The renovation and addition to the McHenry Library renews a campus icon. The original library, designed by John Carl Warnecke and built in 1968, is a modernist and beloved structure of concrete and glass that sits amongst a grove of redwood trees at the heart of the campus. The 162,000sf building was given an extensive and intricate structural upgrade and interior renovation. A 118,000sf addition was designed to complement the original modernist structure through repetition of materials, scale and form.
Re-organizing the interior maximizes the use of daylighting. Seismic, life safety and technology upgrades were designed to maximize building efficiency.
The new wing respects the integrity of the existing building while continuing the balance between building and context. The lines of the original building are extended into the addition, their texture, proportion and rhythm are reinterpreted. The regular pattern of glass and concrete is echoed in the addition, but now reflects internal program elements. Nearly 40% of the building is in fenestration.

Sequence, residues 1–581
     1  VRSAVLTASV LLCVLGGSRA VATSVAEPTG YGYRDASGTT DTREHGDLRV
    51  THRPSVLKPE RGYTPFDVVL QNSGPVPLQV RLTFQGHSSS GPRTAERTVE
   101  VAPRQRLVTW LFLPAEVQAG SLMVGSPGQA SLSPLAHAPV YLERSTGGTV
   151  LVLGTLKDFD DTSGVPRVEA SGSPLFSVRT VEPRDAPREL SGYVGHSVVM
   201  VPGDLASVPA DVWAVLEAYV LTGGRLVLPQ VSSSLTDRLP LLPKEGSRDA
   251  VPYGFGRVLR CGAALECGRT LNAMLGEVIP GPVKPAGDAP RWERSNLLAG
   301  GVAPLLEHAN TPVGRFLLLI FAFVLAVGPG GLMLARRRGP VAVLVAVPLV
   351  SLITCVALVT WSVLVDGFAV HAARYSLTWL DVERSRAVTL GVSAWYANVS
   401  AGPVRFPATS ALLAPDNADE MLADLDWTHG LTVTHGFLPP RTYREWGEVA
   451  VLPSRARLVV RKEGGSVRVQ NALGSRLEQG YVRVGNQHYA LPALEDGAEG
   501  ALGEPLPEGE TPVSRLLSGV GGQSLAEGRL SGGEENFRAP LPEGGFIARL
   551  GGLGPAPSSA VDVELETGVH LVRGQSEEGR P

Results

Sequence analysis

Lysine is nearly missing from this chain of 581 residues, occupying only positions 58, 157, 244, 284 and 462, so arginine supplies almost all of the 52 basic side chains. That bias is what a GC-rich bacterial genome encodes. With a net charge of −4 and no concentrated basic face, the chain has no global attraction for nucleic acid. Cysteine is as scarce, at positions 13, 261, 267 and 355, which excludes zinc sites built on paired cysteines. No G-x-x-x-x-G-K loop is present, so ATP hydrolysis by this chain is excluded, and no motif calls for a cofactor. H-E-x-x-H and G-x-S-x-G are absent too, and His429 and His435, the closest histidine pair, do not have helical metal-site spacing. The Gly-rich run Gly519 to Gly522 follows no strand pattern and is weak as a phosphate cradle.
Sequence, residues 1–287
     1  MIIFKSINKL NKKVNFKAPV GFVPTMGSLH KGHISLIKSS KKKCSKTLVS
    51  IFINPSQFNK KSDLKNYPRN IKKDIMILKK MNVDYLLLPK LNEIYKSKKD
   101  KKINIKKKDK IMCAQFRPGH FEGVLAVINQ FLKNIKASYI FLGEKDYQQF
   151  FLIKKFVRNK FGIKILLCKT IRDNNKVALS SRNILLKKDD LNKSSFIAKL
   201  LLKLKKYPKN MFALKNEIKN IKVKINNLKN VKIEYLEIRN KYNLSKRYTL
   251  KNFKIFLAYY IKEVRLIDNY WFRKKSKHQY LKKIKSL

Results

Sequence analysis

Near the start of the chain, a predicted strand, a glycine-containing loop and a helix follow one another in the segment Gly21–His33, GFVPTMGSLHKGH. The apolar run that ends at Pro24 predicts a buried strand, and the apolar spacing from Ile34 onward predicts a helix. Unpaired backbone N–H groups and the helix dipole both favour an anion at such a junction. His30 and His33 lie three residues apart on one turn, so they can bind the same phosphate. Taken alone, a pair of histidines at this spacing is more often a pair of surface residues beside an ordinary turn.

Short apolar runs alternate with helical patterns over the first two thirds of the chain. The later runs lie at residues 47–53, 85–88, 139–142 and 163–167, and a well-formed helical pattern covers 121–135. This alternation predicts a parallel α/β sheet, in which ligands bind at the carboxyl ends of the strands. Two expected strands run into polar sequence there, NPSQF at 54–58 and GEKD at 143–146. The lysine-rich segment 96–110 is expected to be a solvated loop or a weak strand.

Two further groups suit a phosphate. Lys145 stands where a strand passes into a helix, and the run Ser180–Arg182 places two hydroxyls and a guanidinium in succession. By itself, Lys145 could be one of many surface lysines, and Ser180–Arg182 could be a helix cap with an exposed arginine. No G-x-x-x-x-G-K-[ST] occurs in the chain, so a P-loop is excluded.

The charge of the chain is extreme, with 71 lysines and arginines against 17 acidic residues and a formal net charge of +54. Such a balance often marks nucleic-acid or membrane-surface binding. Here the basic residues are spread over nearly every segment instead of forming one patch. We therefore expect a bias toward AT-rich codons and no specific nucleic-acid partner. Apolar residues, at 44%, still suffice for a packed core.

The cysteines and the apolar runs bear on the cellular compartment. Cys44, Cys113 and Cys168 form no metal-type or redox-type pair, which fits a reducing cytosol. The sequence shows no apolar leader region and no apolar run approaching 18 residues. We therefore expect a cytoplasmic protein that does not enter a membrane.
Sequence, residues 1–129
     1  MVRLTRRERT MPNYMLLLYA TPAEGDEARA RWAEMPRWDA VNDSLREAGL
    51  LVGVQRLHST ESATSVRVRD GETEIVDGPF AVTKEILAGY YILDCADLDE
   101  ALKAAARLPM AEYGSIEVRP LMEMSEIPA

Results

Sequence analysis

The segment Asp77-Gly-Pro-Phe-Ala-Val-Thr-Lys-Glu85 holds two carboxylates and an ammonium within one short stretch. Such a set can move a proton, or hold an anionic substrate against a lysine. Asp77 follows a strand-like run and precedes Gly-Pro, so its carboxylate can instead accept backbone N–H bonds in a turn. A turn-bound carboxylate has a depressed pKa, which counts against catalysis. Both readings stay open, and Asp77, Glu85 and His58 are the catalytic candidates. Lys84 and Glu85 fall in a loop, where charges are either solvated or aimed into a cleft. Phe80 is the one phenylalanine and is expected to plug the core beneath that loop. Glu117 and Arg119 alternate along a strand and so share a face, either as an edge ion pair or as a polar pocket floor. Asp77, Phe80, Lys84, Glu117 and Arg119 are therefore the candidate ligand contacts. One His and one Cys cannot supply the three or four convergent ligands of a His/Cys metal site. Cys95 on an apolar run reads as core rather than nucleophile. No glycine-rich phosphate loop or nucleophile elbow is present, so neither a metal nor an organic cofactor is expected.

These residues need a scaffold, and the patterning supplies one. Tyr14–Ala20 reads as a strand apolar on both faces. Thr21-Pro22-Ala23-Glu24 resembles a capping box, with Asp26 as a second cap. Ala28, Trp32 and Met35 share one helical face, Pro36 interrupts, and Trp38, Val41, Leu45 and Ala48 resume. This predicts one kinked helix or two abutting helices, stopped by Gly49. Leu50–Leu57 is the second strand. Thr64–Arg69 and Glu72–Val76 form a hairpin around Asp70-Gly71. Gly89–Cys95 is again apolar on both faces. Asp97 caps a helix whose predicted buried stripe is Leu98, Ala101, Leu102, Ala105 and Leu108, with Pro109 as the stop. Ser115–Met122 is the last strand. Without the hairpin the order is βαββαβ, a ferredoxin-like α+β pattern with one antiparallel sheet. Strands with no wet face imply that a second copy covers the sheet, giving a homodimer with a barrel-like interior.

The library collection was moved onto compact shelving in the central core, affording protection from daylight and improving floorplate efficiency. A centrally-located cafe, extensive soft seating, reading porches and study rooms are designed to offer a variety of studying options and gathering spaces.
A new interior â€˜streetâ€™ organizes the program elements, improving wayfinding and functionality. A commons at the intersection of the addition and the renovation on the main level accommodates computer stations and information desks in a flexible hub of activity. Wireless and fiber-optic communication is provided, increasing the usability of all library spaces.
By placing seating and social area on the building perimeter, students can take advantage of daylight and forest views offered from extensive floor-to-ceiling windows.